I have recently heard that the exhale is the important part for relaxation, so you may want to focus on making the exhale longer than the inhale. What I often do is inhale for a count of four and out for eight. I do that at the beginning of my meditation for about four or five cycles. Then I stop counting and let my body try to continue that rhythm. I know I don’t stay exactly on the 4-8 pattern, but it’s not about perfection. If I start to get distracted, I bring my mind back to focus on my breathing and counting again.

The cool thing about this breathing technique, is you can use it outside of meditation to calm down in a stressful situation. Even if you’ve never meditated before, it will help. Once you associate it with meditation, it will be even more effective.

Focus On Your Mind.

While concentrating on your breathing, eventually your mind will start throwing images at you. These are mostly random- events of the day, future plans, problems and worries, fears and so on. It will be hard to ignore these thoughts and you are not supposed to ignore them. The goal here is to acknowledge these thoughts and then release them. This might sound hard, but, honestly it’s something we do all the time.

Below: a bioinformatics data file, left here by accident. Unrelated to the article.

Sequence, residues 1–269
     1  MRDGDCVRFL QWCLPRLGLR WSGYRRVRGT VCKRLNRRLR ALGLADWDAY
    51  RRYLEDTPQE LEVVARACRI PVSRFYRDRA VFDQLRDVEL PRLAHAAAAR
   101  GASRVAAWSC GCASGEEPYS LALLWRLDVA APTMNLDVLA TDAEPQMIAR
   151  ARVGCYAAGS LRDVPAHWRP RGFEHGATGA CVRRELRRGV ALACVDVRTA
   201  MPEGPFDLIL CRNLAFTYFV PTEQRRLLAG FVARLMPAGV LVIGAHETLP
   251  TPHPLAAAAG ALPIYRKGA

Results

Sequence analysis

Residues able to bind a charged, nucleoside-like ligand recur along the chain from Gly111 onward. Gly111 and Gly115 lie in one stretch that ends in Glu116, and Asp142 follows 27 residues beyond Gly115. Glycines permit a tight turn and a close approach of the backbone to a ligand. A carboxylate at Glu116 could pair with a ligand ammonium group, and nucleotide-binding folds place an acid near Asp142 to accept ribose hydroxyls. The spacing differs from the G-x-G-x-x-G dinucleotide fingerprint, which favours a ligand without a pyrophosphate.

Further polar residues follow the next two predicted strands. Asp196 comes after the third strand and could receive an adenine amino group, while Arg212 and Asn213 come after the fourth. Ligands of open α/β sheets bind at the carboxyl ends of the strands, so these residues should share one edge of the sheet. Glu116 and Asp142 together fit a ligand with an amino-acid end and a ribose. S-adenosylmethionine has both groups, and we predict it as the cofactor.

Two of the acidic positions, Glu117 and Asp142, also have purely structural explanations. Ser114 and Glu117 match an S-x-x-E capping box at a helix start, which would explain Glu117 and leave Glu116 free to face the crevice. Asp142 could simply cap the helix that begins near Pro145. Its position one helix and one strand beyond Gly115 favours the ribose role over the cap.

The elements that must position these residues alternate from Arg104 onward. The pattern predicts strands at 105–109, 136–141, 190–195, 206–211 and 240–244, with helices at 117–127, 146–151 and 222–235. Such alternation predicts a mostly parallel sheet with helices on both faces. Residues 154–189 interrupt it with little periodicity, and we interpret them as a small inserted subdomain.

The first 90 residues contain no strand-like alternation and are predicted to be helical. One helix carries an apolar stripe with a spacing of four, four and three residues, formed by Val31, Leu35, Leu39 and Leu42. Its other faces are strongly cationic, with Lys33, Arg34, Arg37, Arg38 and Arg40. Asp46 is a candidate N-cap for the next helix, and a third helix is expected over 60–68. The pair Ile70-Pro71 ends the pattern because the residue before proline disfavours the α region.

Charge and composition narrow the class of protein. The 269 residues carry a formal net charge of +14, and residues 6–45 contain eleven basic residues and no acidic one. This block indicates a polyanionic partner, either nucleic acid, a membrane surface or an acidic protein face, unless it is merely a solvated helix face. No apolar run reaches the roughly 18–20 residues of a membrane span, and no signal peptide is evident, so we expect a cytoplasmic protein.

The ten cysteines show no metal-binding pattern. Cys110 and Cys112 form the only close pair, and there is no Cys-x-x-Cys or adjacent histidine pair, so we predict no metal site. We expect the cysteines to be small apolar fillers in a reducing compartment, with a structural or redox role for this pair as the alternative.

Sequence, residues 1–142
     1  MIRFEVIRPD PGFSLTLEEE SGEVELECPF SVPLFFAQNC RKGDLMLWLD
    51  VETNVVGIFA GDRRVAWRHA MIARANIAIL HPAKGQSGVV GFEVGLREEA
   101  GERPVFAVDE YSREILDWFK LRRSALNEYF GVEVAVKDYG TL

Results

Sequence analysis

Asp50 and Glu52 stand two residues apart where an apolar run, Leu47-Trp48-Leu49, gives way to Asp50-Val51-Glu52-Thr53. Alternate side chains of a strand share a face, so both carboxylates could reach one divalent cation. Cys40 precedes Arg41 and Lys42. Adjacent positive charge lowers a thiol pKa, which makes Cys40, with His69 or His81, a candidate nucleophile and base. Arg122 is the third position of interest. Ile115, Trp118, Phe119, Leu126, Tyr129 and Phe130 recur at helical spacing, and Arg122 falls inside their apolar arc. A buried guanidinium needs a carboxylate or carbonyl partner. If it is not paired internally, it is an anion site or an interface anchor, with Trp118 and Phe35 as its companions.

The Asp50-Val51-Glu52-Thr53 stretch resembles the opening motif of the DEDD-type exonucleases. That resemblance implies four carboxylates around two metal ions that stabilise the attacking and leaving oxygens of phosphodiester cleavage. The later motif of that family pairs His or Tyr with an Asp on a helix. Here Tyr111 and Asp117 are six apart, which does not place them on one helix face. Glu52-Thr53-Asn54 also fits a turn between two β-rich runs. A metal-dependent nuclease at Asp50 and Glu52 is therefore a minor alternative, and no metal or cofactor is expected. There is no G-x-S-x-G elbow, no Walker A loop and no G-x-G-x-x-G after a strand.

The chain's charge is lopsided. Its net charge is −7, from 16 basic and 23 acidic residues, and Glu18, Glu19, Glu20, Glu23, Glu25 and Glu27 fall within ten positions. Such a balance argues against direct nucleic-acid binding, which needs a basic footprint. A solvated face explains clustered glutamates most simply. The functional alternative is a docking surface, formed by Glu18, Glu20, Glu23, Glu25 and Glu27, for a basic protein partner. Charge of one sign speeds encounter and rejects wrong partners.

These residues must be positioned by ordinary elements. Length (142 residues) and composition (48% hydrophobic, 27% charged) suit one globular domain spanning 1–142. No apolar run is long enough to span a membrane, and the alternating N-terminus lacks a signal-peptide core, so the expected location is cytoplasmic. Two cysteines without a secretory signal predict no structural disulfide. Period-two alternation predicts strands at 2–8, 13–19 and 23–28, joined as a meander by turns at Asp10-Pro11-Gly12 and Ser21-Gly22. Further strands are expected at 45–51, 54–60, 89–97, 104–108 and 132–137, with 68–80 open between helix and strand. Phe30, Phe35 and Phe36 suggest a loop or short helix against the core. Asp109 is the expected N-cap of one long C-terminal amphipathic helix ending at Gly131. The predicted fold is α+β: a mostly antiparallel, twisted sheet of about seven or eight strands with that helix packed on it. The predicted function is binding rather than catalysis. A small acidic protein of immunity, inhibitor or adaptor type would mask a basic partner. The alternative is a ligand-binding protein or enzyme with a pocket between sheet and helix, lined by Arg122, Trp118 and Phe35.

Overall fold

Here is a simple example to understand the concept. You know that you have furniture at home- you can see it clearly with your eyes, but you aren’t really concentrating on it. Focusing on the furniture makes you think of its color, its material, how it looks in that part of your home, and more. When you don’t focus on it, the furniture fades into the background.

Likewise, you need to look at these random thoughts in a similarly detached state, seeing them clearly in your head but not focusing your attention on it. Eventually, these random thoughts will stop and you will notice that youre already in a blank space in your mind. This is the state you want to achieve during meditation. This blank space is where you can think about a problem or goal and focus on it till you can find a solution. Your “mind palace” for any Sherlock fans.

woman in black top sitting on brown armchair meditating
Photo by Engin Akyurt on Pexels.com

Remember that meditation is not a one shot deal. It is almost impossible to attain a calm state of mind in just a matter of minutes, especially if it’s your first time. It is important that you keep practicing meditation until you have conditioned your mind to achieve that calm state just by thinking about it.

With this, you have successfully mastered the basics of meditation for your stress management program.

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6 Simple Self Care Practices You Can Start Now